Pistachio shells to heat eco-city in Gaziantep
GAZİANTEP - Anadolu Agency
An experimental ecological house that saves and produced energy to minimize energy consumption has been built in southern Turkish province of Gaziantep. The city planned to built at the region will use the house as a model. AA Photo
Turkey has begun to tender building its first ecological city, where public buildings could be heated by burning pistachio shells – the abundant local product in the southern province of Gaziantep.
The ambitious project will be founded within five years in a 3,200-hectare area between Gaziantep and Kilis on Turkey’s border with Syria.
French environmental engineering firm Burgeap discovered in December 2013 that Antep pistachio shells – with its 19.26 calorific value per kilo – are the most feasible local energy source in the province.
Burgeap now claims that this calorific value is considerable, and would be enough to provide heating and cooling for 55 hectares of public buildings.
A final report on the project’s viability is to be presented to the Gaziantep Metropolitan Municipality next month.
Turkey ranks third in the world for the production of Antep pistachios, which was named after the city it grows in the most, according to the U.N. Food and Agriculture Organization.
Speaking to Anadolu Agency, the energy manager of Gaziantep Metropolitan Municipality, Aysegul Tekerekoğlu, said the city would use a variety of energy-saving systems like green roofs, solar power, waste management and rainwater collection.
Tekerekoğlu said the local authorities will examine the French firms’ report before deciding whether to go ahead with the project, which would then be scheduled for completion within 12 months with a budget of 600,000 euros.
Green technology producing a surplus of power
Gaziantep also hosts an experimental ecological house, which is pursuing a number of international awards.
Built in September 2013 the 320-meter property features thick walls with 40 centimeter, triple-glazed windows and a “green roof” – all designed to increase energy efficiency.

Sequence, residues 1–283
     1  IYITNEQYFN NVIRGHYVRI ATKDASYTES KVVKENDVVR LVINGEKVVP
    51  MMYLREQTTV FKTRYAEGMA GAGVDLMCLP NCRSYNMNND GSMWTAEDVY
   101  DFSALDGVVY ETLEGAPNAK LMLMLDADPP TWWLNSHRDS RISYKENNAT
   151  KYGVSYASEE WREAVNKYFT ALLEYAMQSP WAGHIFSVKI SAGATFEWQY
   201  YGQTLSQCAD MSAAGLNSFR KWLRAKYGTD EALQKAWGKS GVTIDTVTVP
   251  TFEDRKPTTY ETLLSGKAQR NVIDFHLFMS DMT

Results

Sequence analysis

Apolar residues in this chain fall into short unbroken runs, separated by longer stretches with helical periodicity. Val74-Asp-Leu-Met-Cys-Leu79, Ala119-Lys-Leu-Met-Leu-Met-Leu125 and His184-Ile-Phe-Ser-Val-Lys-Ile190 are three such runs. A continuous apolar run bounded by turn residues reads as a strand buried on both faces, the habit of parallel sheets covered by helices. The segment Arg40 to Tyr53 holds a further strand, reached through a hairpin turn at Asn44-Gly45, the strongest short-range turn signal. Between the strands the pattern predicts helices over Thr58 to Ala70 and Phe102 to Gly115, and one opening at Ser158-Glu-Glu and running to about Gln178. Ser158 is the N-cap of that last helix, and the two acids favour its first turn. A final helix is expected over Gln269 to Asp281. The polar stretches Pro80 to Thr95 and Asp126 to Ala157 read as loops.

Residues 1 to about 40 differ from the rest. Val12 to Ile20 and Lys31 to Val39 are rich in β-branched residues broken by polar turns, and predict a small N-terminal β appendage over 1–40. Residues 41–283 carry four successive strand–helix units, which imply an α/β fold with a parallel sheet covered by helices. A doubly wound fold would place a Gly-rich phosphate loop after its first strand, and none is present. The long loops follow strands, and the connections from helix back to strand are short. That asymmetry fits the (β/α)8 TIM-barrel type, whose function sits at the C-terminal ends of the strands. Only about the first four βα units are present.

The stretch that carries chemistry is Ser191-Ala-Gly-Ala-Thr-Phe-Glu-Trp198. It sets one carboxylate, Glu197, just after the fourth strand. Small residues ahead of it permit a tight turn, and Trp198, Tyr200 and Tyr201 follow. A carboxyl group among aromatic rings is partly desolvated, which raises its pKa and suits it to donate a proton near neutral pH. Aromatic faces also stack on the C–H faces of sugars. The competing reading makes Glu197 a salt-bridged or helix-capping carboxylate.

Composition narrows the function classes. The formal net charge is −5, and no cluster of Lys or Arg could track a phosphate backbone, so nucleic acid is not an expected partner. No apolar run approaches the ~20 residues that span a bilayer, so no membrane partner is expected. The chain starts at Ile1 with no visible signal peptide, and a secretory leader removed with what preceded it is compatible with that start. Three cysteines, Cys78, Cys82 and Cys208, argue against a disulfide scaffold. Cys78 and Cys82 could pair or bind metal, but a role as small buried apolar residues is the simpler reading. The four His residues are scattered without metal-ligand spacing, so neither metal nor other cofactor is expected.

Pipes laid underground circulate fresh air in the house, helping to cool it in the summer and heat it in the winter by taking advantage of the earth’s temperature.
“The Earth’s temperature is three degrees cooler in the summer and warmer in the winter. But increasing or decreasing the temperature by one degree causes 7 percent of an energy waste, which means our house saves 21 percent of energy through using these air pipes,” Tekerekoğlu claimed.
The house also produces its own electricity through the photovoltaic panels placed in the yard, leading to a surplus production of power.
The house saves further energy by purifying gray water and collecting rainwater. The grey water purifying system sends the waste water to reservoirs, while rain water is collected and used to irrigate the yard.
The ecologic house, with its integrated power generation, heating, cooling, airing and waste water management systems, provides a model for those who want to buy land and build the planned Ecologic City.
Right after it was built, it applied for recognition from Germany’s Passive House Institute, an independent research body that has played a crucial role in the development of houses with minimum carbon emissions and energy consumption.
The ecologic house also applied to the U.S. Green Building Council’s LEED Platinum certificate, which is the most widely recognized and used green building program across the globe.
Tekerekoğlu said the project was confident of expecting to receive both the LEED Platinum and German Passive House certification.
These projects are becoming increasingly important in Turkey because the country imports around 75 percent of its energy according to the 2012 data from the Turkish Statistical Institute (TÜİK).